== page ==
Best,

Phil

P.S. It also helps to understand potential in realizing perhaps it might allow for one finally getting things right:-)

Denis said...

I have been reading this blog for a couple of years now, and have experienced Sabine as a kind person who explains fairly complicated issues with great care and patience.I am certain she is going to be a fantastic mum.The pains and tribulations of the past and coming weeks will be well worth it - even if that`s not likely to sound plausible right now.

Any progress on the naming front - or is it going to be Delta Hossenfelder and Epsilon Sherer ?

Best,

Denis

Bee said...

Hi Denis,

Thanks for the kind words. I'm not sure though explaining complicated issues with great care will come in particularly handy when dealing with a screaming baby ;-) Sure, we have thought about names, but it's a big secret :-) Best,

B.

Denis said...

I know, Sabine. Look at it this way : you never went to university to learn how to be a daughter or a spouse. And in this instance, you don`t have a theory of motherhood. But your babies don`t know what to expect either. Pretty soon you`re going to meet, and you`ll learn to live together. Taking care of each other. One minute at a time. This happens to every mother and every father in the universe/??multiverse/ ahh... reality :-))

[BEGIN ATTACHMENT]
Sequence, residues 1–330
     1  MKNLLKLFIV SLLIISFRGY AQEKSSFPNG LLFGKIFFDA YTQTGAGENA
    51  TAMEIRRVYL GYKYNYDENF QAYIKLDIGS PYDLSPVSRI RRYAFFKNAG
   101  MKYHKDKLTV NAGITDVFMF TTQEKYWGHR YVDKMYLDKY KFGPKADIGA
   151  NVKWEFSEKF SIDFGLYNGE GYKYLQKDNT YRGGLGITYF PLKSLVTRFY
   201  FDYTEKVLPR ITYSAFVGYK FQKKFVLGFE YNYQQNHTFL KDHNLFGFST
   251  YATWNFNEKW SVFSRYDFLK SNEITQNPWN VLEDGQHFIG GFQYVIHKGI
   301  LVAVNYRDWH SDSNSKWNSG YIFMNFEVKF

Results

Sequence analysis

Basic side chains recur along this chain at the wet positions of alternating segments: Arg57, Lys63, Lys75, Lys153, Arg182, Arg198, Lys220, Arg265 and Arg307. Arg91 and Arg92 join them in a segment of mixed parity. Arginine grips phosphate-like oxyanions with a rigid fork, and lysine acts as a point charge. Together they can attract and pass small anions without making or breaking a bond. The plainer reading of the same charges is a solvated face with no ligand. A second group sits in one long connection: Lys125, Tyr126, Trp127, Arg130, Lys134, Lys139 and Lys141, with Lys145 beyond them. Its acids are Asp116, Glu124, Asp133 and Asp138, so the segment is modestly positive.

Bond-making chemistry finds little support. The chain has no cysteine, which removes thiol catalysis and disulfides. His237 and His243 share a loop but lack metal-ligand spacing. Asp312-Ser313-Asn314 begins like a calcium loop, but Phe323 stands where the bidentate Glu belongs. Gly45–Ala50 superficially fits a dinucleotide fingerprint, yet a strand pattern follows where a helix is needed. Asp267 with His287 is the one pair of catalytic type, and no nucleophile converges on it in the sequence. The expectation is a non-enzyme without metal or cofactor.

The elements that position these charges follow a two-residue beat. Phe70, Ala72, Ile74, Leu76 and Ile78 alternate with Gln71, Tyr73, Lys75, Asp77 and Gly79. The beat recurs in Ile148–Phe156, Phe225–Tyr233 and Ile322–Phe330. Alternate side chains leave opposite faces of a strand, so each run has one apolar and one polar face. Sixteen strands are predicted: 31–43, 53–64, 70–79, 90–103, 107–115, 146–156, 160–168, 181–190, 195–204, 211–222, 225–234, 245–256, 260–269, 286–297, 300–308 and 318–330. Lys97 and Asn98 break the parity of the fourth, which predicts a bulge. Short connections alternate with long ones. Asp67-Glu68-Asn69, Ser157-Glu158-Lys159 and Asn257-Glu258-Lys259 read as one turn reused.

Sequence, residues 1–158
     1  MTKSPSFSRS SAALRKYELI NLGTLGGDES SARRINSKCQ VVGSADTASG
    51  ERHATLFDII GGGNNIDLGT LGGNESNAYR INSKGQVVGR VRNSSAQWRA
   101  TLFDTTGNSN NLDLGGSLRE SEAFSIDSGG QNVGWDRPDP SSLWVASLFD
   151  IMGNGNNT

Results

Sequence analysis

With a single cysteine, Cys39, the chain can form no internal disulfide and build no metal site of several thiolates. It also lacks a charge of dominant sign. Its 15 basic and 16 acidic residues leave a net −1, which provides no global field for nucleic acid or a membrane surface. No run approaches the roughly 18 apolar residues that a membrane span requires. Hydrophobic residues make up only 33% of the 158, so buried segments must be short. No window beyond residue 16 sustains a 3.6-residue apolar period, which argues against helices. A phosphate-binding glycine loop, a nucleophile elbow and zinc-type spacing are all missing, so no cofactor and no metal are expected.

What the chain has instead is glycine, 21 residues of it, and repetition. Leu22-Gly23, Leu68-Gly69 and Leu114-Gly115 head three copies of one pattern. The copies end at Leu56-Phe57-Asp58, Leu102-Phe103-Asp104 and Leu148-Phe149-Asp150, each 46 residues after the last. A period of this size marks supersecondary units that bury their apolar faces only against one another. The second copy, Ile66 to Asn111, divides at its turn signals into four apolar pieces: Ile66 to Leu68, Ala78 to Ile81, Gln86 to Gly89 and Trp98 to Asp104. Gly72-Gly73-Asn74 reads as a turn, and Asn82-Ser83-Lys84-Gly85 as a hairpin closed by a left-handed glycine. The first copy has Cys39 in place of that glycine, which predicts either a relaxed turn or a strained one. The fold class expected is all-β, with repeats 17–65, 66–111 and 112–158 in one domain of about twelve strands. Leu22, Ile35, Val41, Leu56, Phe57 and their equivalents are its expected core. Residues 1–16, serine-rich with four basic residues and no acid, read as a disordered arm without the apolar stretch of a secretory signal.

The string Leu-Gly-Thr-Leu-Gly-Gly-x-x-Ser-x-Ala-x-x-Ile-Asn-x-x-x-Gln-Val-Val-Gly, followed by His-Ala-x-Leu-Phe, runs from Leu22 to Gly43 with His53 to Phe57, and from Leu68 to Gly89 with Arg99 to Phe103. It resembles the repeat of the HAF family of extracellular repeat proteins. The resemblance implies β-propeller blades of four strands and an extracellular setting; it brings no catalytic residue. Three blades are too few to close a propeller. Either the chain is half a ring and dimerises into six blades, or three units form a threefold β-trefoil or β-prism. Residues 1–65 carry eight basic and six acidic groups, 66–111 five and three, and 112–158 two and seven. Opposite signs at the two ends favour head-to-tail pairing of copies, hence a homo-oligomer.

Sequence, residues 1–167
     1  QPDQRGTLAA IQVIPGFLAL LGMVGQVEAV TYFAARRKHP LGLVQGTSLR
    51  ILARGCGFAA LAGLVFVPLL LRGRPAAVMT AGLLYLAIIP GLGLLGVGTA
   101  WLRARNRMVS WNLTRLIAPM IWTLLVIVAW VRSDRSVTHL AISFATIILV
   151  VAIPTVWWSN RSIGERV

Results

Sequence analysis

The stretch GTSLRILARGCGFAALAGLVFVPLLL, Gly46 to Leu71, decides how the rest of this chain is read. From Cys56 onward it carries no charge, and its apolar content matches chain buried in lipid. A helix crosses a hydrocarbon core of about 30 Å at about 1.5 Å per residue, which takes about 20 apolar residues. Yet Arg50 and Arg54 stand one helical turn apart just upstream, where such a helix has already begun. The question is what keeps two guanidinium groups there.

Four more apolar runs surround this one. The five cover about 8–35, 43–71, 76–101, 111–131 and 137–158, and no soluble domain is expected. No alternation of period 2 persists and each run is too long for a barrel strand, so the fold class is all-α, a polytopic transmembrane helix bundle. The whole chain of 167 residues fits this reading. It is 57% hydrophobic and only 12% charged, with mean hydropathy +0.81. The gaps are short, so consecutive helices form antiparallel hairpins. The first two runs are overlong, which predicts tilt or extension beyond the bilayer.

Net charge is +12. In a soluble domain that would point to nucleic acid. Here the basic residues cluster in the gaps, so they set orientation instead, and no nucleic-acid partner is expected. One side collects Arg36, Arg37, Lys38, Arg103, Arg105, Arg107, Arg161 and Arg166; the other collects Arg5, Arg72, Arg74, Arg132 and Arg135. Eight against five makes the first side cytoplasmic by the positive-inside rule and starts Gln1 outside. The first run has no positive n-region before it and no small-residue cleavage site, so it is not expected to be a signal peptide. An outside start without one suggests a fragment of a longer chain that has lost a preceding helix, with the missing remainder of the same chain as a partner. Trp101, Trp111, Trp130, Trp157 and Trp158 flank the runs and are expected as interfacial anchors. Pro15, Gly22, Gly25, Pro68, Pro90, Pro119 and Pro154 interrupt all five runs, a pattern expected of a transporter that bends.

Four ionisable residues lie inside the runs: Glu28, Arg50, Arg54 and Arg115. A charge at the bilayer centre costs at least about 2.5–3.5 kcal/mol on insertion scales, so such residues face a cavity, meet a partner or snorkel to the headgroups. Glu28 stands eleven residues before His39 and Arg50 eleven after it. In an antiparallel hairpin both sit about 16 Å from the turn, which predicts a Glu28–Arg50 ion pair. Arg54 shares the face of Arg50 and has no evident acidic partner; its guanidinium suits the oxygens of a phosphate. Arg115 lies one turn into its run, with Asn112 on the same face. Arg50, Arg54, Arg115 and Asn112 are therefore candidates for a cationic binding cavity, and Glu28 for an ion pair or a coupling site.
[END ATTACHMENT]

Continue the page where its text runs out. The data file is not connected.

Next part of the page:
And... they say it`s beautiful !

Best,

Denis.

Christine said...

Hi Bee,

Nice to know that you are back home. All you have to do now is to rest as much as you can, something you already was trying to do... Hopefully, no more injections and hospital stress... except of course for procedures eventually needed in delivery. Babies will soon be born!

Best,
Christine

Neil B said...

Best wishes and I hope the season can be happy overall for you both, with a wonderful resolution of your sublime status.

Christine said...

Hi Sabine,

When are the babies coming??? Christmas??? :)

Best,
Christine

Bee said...

Hi Christine,

Don't know... but it won't be much longer now. Best,

B.